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Trump blames mass shootings on mentally ill, calls for more mental institutions

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Trump blames mass shootings on mentally ill, calls for more mental institutions

 

2019-08-15T213923Z_1_LYNXNPEF7E23O_RTROPTP_4_USA-TRUMP.JPG

U.S. President Donald Trump speaks to reporters before boarding Air Force One at Morristown Municipal Airport in Morristown, New Jersey U.S. August 15, 2019. REUTERS/Jonathan Ernst

 

MORRISTOWN, N.J. (Reuters) - President Donald Trump said on Thursday he supports meaningful background checks for gun buyers, but he told reporters that those responsible for recent mass shootings were mentally ill and the United States should build more mental institutions.

 

Trump said he had been speaking with Senate Majority Leader Mitch McConnell and many other Republicans about the problem of gun violence and that "they don't want to have insane people, dangerous people, really bad people having guns."

 

"We don't want crazy people owning guns," the president added. "It's them. They pull the trigger. The gun doesn't pull the trigger. They pull the trigger. So we have to look very seriously at mental illness."

 

The president is under pressure to curb gun violence following mass shootings that killed dozens of people this month in Texas and Ohio. His comments came as he started a trip from New Jersey to speak to a campaign rally in New Hampshire.

 

"We're looking at the whole gun situation," Trump said when asked whether he was pressing Republicans on tougher background checks for gun buyers.

 

"I do want people to remember the words mental illness. These people are mentally ill. ... These are mentally ill people and people have to start thinking about it. I think we have to start building institutions again," he said, adding that many U.S. mental institutions were closed in the 1960s and 70s and their patients released onto the streets.

 

"A lot of our conversation has to do with the fact that we have to open up institutions," Trump added. "We can't let these people be on the streets."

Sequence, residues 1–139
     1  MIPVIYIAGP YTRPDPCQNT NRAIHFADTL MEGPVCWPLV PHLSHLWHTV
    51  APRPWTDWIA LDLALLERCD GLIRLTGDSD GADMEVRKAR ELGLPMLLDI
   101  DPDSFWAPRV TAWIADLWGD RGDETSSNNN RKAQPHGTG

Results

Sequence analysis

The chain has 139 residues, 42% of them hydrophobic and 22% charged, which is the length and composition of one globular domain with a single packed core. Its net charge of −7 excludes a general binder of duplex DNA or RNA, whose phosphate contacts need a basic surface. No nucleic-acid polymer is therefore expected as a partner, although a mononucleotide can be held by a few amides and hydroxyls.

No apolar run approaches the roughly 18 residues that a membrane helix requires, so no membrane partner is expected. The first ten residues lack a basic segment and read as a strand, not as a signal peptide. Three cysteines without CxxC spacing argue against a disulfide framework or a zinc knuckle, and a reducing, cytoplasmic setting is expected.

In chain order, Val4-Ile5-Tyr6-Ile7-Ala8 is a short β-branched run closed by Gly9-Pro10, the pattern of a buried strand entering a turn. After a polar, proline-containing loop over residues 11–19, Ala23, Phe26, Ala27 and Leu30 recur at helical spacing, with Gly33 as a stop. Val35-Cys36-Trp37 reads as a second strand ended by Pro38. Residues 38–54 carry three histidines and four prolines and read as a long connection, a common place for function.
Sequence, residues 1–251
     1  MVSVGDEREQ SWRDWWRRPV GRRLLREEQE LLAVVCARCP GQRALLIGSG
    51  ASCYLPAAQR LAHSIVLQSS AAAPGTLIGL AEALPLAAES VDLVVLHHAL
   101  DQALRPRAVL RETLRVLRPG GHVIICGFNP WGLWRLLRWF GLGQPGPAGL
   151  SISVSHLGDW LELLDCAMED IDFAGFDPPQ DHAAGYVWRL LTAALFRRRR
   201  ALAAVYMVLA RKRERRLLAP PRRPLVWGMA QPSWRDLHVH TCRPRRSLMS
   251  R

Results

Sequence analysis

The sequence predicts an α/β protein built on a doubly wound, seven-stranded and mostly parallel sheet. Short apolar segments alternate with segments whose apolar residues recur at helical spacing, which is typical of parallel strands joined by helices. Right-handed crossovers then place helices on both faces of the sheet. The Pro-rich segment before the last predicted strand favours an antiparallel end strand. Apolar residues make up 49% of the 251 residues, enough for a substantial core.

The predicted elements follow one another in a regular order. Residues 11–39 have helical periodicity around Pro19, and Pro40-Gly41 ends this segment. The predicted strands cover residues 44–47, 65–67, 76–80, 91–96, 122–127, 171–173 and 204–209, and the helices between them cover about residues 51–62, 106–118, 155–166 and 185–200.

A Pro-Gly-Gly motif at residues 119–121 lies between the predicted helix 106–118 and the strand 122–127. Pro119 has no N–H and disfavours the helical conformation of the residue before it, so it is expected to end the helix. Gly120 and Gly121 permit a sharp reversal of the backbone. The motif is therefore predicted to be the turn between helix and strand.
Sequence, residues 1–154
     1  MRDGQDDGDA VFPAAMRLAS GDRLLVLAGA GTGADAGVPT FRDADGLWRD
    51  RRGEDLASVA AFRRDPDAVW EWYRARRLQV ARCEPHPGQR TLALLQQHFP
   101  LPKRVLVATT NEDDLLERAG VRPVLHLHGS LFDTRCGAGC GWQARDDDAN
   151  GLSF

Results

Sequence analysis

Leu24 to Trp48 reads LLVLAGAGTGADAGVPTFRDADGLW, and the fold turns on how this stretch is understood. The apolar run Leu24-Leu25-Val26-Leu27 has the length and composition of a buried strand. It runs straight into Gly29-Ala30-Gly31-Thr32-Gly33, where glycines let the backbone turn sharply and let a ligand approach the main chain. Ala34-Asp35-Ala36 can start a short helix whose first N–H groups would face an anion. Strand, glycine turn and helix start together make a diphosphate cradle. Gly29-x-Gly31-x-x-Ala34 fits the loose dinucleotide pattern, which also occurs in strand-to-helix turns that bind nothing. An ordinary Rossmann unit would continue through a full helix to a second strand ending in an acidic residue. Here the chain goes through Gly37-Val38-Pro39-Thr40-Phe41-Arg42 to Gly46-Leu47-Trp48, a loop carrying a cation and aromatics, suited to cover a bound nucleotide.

(Reporting by Steve Holland; Writing by David Alexander and Alistair Bell; Editing by Lisa Shumaker)

 

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-- © Copyright Reuters 2019-08-16
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6 minutes ago, animalmagic said:

Followed by a greater concern on who decides that people have a mental illness.  Some people in power think you're crazy if you don't agree with them.

I wouldn't be overly concerned about that.   It's done by mental health professionals and is based on pretty strict criteria.   

 

One of the biggest problem is that many young people are difficult to diagnose because they are not fully developed and mental illness may not be fully manifested.   Since many of the shooters are young, they may not have been in contact with mental health services that would identify them as being a danger to others.

 

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1 minute ago, Credo said:
13 minutes ago, animalmagic said:

Followed by a greater concern on who decides that people have a mental illness.  Some people in power think you're crazy if you don't agree with them.

I wouldn't be overly concerned about that.   It's done by mental health professionals and is based on pretty strict criteria.   

 

One of the biggest problem is that many young people are difficult to diagnose because they are not fully developed and mental illness may not be fully manifested.   Since many of the shooters are young, they may not have been in contact with mental health services that would identify them as being a danger to others.

Oh, initially I thought you were referring to people in power being diagnosed by mental health professionals.

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